Zhelnina’s long-term qualitative study of PB in New York concentrates on how the activist-initiated process has developed through the interaction with the municipal decision-makers and examines in detail the different trade-offs the participants have encountered. In Helsinki, Tuominen’s focus is on how various co-creation practices have emphasised deliberative and competitive dimensions at different stages of the process. PB in St. Petersburg offers yet another historically grounded example with different sociocultural dynamics. These three examples allow us to analyse the dynamics of state-, grassroots-, and expert-driven PB processes.

The study is based on ethnographic data on how the participants have experienced their sense of participation through their interactions with decision-makers, civil servants and other urban activists. Analytically, it provides a comparative framework for understanding the context-specific character of PB as a flexible form of citizen participation.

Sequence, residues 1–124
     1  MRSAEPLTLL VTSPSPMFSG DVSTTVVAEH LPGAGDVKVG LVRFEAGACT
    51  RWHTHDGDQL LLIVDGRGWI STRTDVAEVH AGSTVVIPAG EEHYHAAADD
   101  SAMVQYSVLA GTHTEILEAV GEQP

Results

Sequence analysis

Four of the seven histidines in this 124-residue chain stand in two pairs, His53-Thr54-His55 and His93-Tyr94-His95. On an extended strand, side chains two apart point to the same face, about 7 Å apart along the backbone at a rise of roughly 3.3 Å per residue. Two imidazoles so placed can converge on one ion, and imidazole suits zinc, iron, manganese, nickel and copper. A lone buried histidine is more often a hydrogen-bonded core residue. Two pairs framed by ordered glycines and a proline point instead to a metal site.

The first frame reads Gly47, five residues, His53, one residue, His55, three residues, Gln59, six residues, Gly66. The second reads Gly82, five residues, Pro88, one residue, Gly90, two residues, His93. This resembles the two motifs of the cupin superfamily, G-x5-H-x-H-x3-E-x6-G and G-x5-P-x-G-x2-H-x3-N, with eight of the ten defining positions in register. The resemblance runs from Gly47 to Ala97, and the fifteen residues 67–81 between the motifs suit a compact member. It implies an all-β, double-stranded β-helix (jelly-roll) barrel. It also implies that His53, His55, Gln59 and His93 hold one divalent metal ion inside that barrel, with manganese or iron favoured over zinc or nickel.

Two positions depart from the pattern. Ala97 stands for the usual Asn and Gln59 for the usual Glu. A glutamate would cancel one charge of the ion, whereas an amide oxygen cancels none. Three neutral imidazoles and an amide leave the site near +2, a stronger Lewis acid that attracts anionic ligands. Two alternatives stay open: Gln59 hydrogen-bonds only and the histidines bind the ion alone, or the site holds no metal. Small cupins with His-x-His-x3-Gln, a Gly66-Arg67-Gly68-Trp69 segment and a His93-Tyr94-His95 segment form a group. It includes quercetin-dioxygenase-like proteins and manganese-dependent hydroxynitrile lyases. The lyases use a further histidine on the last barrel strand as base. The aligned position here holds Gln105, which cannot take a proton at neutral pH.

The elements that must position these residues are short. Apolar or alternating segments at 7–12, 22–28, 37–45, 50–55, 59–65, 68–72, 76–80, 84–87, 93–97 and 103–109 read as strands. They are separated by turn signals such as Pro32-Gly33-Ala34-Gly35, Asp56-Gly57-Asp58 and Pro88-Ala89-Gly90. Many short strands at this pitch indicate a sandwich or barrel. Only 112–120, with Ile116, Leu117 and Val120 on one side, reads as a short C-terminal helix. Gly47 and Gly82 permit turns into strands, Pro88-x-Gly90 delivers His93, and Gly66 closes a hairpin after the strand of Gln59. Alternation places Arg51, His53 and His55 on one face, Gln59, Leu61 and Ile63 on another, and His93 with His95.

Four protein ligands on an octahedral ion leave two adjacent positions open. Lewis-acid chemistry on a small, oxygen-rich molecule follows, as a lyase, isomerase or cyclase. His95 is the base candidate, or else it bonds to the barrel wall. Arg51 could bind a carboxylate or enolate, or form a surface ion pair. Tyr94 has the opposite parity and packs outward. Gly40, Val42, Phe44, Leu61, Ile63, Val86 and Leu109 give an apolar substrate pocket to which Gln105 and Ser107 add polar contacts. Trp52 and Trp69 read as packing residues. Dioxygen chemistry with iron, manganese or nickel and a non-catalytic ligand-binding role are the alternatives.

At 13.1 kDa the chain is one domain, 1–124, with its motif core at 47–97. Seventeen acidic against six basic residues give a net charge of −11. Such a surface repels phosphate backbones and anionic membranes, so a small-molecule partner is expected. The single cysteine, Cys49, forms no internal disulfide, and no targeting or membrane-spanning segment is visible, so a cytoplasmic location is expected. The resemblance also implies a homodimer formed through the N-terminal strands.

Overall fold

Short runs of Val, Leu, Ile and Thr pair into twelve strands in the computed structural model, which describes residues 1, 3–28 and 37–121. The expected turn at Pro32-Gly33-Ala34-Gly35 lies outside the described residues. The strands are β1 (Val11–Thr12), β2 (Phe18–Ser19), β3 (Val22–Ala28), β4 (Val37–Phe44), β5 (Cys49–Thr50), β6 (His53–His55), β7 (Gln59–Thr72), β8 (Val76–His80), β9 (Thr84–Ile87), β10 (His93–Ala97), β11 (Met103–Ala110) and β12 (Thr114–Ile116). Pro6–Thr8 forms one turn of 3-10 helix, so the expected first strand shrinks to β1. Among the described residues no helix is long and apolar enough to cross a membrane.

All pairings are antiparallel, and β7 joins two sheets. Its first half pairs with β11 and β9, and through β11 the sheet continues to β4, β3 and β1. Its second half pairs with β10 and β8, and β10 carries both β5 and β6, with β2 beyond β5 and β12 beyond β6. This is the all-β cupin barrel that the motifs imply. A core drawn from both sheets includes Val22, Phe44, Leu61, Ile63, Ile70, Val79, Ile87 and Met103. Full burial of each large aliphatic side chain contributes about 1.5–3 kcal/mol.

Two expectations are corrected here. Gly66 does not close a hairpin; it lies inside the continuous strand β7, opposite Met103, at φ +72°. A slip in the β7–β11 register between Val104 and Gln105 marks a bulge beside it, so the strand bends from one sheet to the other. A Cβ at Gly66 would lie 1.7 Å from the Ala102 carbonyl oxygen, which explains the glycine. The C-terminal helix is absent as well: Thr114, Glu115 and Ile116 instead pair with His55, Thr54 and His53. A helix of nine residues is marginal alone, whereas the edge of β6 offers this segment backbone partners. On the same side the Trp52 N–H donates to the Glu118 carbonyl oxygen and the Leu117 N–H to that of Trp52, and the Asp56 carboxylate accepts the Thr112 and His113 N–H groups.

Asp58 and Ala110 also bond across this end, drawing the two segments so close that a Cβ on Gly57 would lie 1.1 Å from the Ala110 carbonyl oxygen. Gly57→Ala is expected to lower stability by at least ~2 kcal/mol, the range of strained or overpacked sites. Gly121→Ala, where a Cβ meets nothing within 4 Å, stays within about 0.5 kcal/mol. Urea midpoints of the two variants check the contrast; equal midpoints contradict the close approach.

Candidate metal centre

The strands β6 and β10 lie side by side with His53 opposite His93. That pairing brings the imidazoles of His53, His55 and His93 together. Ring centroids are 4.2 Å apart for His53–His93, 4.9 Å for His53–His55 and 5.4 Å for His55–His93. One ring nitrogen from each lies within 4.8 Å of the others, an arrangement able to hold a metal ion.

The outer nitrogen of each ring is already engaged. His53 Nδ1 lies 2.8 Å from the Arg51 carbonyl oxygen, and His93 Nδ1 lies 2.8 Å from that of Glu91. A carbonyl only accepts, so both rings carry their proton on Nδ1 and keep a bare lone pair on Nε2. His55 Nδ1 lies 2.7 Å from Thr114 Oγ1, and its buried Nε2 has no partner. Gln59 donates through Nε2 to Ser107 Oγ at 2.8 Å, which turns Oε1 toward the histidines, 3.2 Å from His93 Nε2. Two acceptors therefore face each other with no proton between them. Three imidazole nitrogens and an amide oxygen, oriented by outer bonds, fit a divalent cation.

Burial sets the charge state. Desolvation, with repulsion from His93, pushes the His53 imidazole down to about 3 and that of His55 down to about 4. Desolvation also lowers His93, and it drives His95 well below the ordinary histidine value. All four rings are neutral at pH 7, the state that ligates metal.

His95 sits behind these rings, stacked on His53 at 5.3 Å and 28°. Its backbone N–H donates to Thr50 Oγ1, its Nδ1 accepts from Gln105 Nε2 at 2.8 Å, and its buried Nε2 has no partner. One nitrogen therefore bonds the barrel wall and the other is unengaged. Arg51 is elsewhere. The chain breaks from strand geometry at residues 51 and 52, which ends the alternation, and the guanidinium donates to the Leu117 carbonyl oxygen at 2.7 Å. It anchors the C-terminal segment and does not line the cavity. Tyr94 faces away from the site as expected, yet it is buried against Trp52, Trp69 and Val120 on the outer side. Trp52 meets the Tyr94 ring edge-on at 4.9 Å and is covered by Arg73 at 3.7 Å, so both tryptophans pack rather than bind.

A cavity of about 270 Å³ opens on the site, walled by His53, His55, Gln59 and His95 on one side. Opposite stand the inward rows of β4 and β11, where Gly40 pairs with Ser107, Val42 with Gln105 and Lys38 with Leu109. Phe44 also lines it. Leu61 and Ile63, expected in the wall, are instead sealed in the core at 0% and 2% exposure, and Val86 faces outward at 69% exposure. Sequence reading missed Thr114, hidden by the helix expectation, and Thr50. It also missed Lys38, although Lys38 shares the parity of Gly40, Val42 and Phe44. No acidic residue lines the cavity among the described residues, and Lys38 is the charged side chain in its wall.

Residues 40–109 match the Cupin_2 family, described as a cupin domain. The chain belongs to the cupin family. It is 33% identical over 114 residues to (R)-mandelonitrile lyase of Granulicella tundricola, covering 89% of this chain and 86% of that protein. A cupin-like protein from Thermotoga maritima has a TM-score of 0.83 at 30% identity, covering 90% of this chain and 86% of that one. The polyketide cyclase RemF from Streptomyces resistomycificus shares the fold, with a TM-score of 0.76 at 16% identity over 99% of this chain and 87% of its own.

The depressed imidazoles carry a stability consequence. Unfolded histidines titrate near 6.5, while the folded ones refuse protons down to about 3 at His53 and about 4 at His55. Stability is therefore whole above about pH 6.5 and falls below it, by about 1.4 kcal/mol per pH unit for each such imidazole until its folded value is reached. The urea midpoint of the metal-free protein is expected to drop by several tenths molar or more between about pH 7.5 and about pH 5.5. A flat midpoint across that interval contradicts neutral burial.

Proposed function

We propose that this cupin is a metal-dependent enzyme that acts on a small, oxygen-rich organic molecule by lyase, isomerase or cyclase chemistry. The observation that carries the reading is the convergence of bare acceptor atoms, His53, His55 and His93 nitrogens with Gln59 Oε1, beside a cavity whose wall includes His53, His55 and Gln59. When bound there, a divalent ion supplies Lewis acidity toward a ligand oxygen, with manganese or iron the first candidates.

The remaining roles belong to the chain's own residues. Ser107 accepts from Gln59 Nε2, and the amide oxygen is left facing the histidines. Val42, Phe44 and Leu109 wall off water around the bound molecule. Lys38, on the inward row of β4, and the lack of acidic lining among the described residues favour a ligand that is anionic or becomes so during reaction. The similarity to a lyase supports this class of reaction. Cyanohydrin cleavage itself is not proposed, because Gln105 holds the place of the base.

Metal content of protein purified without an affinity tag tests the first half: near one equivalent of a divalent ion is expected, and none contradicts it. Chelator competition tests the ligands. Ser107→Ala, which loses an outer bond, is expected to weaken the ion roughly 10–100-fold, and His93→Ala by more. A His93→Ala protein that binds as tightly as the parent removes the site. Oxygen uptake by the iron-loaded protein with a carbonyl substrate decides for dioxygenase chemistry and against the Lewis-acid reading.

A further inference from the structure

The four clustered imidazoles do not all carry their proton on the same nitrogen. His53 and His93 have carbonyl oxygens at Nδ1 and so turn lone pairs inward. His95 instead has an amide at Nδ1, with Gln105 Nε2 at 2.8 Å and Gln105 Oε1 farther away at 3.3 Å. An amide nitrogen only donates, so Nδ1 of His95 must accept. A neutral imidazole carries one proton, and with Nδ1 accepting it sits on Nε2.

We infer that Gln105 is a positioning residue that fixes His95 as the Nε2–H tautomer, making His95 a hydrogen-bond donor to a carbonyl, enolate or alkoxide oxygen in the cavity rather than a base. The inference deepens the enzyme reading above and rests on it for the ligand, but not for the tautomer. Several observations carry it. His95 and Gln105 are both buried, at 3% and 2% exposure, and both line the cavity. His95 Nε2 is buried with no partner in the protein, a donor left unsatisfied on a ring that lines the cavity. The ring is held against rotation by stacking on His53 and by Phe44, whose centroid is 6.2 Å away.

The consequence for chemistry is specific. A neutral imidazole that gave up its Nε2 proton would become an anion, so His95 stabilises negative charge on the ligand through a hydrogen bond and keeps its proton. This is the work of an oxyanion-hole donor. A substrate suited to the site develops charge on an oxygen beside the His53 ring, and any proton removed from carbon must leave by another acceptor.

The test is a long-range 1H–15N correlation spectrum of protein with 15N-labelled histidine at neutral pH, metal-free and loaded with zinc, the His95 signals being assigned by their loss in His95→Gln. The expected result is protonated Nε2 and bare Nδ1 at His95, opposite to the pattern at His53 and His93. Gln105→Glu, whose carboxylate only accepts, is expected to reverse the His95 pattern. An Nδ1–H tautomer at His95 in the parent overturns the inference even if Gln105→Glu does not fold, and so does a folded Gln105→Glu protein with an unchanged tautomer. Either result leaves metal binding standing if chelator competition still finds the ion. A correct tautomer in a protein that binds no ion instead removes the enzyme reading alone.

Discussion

James Scott, Professor, University of Eastern Finland
Matti Fritsch, Senior Researcher, University of Eastern Finland
EUARENAS project (https://www.euarenas.eu/)

Zoom link: https://helsinki.zoom.us/j/65633146515?pwd=bnF4Wnl0NVNjVkRFZjZreXlYbEl1dz09
Passcode: 763904